Opinion Editorial

Stanbouly Dani, BS1; Chuang Sung-Kiang, DMD, MD, DMSc2
1 Dental Student, Columbia University College of Dental Medicine, New York, NY
2 Clinical Professor, Department of Oral and Maxillofacial Surgery, University of Pennsylvania, School of Dental Medicine, Philadelphia, PA; Private Practice, Brockton Oral and Maxillofacial Surgery Inc.; Attending, Department of Oral and Maxillofacial Surgery, Good Samaritan Medical Center, Brockton, MA; Visiting Professor, Department of Oral and Maxillofacial Surgery, Kaohsiung Medical University, School of Dentistry, Kaohsiung, Taiwan

Boxing is a sport with a clear objective: to hit and not get hit. Despite all the rules and regulations that have been conceived for safety purposes over time, boxing will always be a hurting business at the end of the day. The sweet science is unique from all other contact sports, like hockey and football, in that the damage inflicted on your opponent is deliberate [1].
The sport of boxing is an ancient one, dating back to the Greek and Roman empires. The earliest accounts of boxing describe a different scene from today, that which is marked by the absence of gloves as boxers fought with their bare fists. In 1867, John Sholto Douglas, the ninth Marquis of Queensberry, effectively put an end to the era of bare-knuckle boxing by introducing a set of rules, the most important of which mandated the use of leather gloves. It was believed that gloves would distribute the blow and spread its impact. Hence, the recipient of a punch is less likely to be blinded, lose their teeth, or, most critically, break the bones of their maxillofacial skeleton than if the force was finely concentrated within the serrated surface area of the aggressor’s knuckles [1]. Many studies attest to of the efficacy of the Queensbury rule. A study on all professional boxing bouts within a 16-year timeframe in an organized federation recorded a ­total of 107 injuries were recorded in 427 fight participations. The most common type of injury was wound/laceration (66.4%). Fracture of the maxillofacial skeleton, in contrast, was one of the least common injuries, comprising merely five of the injuries (4.7%) [2].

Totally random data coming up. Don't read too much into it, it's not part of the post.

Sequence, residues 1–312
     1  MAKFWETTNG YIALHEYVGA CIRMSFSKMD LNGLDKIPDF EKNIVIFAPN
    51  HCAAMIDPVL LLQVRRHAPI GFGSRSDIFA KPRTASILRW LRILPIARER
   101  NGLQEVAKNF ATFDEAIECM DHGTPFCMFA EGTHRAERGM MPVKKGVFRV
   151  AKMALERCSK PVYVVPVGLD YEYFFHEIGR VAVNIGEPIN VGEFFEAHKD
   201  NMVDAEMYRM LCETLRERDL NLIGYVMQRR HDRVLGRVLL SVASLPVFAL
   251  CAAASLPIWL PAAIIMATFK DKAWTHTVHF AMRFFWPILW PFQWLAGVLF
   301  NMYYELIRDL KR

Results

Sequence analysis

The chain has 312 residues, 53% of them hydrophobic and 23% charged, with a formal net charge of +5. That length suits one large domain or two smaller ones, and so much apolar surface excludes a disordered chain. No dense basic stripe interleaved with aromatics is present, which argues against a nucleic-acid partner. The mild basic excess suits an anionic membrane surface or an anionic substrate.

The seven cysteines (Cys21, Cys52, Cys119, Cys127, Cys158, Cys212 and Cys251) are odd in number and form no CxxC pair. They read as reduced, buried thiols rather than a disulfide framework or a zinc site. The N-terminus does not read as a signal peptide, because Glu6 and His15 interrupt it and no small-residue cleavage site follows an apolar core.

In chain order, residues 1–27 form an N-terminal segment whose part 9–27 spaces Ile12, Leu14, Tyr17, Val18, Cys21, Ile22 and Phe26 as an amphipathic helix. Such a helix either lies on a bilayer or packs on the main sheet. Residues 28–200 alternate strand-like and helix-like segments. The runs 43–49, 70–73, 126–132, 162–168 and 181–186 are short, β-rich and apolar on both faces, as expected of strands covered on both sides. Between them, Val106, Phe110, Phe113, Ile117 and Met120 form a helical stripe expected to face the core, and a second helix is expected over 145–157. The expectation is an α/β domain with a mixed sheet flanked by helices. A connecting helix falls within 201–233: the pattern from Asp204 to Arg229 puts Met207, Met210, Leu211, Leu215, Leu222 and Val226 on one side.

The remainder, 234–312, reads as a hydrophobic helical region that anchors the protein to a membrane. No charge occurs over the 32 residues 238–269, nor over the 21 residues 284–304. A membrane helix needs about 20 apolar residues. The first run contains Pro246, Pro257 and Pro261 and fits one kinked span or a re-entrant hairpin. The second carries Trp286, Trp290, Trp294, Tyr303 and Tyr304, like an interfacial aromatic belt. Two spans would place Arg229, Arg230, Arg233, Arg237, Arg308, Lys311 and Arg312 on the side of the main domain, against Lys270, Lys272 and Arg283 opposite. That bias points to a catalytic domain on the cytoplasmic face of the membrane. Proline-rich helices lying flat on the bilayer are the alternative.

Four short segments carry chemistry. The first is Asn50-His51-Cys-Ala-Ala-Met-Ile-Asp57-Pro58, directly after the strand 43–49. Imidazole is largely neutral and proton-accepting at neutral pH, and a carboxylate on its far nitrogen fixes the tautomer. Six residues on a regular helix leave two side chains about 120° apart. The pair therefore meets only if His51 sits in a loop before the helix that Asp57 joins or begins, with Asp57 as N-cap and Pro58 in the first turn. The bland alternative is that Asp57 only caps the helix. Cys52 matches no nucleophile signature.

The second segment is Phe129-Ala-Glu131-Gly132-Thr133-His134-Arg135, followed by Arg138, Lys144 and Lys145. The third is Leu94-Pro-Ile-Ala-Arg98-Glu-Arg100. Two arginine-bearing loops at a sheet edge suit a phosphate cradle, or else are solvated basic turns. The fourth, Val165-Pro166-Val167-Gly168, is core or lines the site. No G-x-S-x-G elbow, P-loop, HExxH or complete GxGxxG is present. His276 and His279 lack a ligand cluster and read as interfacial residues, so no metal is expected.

But could boxing gloves have also made the sport more dangerous in other respects? While the introduction of boxing gloves makes it harder to precipitate different forms of maxillofacial trauma, it inadvertently increased the likelihood of injuring a less conspicuous organ, the brain, as a tradeoff for the more obvious organ, the face. While boxing gloves certainly cushion the fists and may protect a fighter from many acute injuries, such as deep lacerations or orbital bone fractures, it doesn’t protect a fighter from chronic brain injuries that only accumulate over the span of a fighter’s career. In fact, gloves make matters worse by adding more mass of the fist, increasing the net momentum delivered to the opponent’s head with each punch and ultimately rattling the delicate brain inside the skull [1]. Additionally, the skull bones are physically stronger than the metacarpals. Thus, the bare-knuckle boxer risks damaging his fists more than his opponent’s skull with a forceful punch. The hand-protection offered by gloves therefore encourages a modern (i.e., gloved) boxer to punch with a significantly higher degree of power than otherwise [1].
Chronic traumatic encephalopathy (CTE), also known as pugilistic dementia, is a neurological condition that occurs in professional boxing as a result of repetitive subconcussive blows to the head over the course of a career [1]. It is characterized by a constellation of symptoms: dysarthria (i.e., slurred speech) and gait ataxia (i.e. disequilibrium) are present in almost all cases of the condition. The condition ranges in severity depending on the amount of damage accrued by the brain, which is more or less congruent to the length of the boxer’s career and the number of bouts they had participated in [3].